Tuesday, 24 November 2015

Wayne Grudems Systematic Theology, Chapter 50

The Lord's supper

*Just a reminder that this study of Wayne Grudem's book, Systematic Theology, is not by any means me teaching, but rather a simple summary chapter by chapter of his book for my own enrichment.*

(Only 5 chapters left!)

There is a bit of a precedent set in the Old Testament of “feasting in the presence of the Lord,” as seen with Moses, the Israelites as they tithe their grain each year, and even Adam and Eve in a sinless garden.  Even as we can celebrate the Lord’s supper (connected to the forgiveness of our sins and a right relationship with God,) we can look forward to fellowshipping and feasting in God’s presence in heaven.

What is the meaning of the Lords’s supper?
1.     Christ’s death.
2.     Our participation in the benefits of Christ’s death.
3.     Spiritual nourishment. (as we abide in Christ).
4.     Unity of believers.  We participate together to give a clear sign of unity with one another.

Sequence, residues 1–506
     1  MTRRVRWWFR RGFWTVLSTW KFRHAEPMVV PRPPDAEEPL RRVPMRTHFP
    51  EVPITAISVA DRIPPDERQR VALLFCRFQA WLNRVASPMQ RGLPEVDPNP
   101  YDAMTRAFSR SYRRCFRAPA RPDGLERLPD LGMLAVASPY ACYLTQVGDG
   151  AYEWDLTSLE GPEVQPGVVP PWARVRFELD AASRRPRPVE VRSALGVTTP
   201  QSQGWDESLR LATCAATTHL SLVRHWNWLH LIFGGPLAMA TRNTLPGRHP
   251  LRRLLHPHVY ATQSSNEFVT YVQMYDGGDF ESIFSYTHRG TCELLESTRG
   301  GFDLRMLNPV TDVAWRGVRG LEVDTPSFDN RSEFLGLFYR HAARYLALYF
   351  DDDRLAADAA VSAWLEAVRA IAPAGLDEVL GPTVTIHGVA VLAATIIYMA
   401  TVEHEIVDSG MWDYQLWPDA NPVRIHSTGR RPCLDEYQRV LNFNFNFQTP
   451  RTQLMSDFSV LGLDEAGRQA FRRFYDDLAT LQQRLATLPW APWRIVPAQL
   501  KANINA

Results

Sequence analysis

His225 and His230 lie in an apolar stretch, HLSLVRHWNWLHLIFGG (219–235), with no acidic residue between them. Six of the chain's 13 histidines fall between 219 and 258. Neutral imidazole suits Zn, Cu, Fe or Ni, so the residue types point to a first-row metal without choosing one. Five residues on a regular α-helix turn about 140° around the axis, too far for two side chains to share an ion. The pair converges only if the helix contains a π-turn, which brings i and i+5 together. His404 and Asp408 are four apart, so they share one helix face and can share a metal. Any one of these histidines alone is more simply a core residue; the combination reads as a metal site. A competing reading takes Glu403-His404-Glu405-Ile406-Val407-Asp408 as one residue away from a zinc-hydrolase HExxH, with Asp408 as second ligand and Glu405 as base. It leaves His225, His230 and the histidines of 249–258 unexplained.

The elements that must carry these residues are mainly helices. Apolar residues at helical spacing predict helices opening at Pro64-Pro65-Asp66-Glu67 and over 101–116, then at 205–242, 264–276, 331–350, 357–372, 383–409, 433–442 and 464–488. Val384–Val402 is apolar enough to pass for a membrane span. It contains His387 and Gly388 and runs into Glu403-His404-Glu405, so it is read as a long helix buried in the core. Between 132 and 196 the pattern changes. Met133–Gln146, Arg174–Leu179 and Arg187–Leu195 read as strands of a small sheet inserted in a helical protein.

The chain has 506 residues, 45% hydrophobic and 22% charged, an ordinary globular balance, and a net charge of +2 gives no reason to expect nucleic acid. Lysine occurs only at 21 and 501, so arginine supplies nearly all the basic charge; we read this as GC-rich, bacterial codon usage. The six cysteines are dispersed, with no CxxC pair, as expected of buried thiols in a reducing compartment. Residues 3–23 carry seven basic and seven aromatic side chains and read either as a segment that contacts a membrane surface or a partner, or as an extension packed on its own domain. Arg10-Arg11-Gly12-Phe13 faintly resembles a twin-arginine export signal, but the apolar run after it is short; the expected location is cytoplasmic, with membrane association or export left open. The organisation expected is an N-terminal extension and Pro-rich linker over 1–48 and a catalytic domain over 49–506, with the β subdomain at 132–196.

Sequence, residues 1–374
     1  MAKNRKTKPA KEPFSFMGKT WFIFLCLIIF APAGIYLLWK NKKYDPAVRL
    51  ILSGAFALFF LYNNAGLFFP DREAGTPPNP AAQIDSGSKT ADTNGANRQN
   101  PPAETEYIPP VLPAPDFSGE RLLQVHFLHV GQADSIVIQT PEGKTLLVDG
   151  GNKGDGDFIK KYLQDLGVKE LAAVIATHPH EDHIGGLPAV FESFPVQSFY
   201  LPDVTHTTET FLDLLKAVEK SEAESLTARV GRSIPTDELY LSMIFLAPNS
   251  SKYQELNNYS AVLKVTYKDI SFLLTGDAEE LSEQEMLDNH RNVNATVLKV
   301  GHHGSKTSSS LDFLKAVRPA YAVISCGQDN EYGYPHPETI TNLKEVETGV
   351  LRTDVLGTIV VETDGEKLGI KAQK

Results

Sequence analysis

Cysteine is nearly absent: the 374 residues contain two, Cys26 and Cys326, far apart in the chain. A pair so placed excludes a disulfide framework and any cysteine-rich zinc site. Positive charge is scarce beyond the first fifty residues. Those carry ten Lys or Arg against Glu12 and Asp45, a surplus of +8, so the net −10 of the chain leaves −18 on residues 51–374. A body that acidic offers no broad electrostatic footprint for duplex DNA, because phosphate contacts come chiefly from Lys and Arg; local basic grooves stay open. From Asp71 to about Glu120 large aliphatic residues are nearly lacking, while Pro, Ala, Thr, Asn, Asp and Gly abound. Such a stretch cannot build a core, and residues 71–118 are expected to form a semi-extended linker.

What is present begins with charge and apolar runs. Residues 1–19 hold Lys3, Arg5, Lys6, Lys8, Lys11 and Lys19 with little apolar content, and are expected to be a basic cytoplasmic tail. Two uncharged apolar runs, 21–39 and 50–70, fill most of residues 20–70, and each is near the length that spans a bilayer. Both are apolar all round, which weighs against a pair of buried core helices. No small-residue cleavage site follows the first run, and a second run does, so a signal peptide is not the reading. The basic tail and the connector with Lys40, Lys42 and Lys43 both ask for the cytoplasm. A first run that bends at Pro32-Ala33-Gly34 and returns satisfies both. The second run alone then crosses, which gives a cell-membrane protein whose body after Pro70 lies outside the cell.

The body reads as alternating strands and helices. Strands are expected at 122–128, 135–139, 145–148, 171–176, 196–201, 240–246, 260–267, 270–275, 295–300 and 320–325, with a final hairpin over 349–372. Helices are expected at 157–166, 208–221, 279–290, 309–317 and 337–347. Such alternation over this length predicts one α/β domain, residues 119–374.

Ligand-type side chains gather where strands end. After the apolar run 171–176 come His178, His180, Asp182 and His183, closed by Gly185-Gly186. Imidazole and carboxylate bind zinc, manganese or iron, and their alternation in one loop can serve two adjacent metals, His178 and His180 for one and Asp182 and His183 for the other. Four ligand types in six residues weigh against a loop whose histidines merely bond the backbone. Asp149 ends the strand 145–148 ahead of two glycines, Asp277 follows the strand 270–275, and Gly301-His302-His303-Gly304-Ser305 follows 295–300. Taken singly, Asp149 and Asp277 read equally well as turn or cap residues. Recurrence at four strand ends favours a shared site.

5.     Christ affirms his love for us. (Jesus invites us to come).
6.     Christ affirms that all the blessings of salvation are reserved for me.  This is a foretaste of our feasting and fellowship in heaven.
7.     I affirm my faith in Christ.  (almost like a regular reminder of our confession of faith in the Lord).

Various views:
Catholic view of transubstantiation.  (this is physically Christ’s body and blood.) There is also the belief that in every mass Christ performs an actual immediate sacrificial activity.  

Grudems response is that the Lord’s supper is symbolic, just as Jesus also said,  “I am the door, if anyone enters by me…” so we do not assume that he is a literal door.

Christ’s sacrifice was final and complete, having occurred once and only once.

The Lutheran view says that Christ is somehow physically present, “in, with, and under” the bread.
Otherwise, protestants say that the bread and wine symbolize the body and blood of Christ, and give a visible sign that Christ himself was truly present.

Most protestants agree that only true believers should partake in the Lord’s supper, after self-examination and confession of sins.

Next week:  worship



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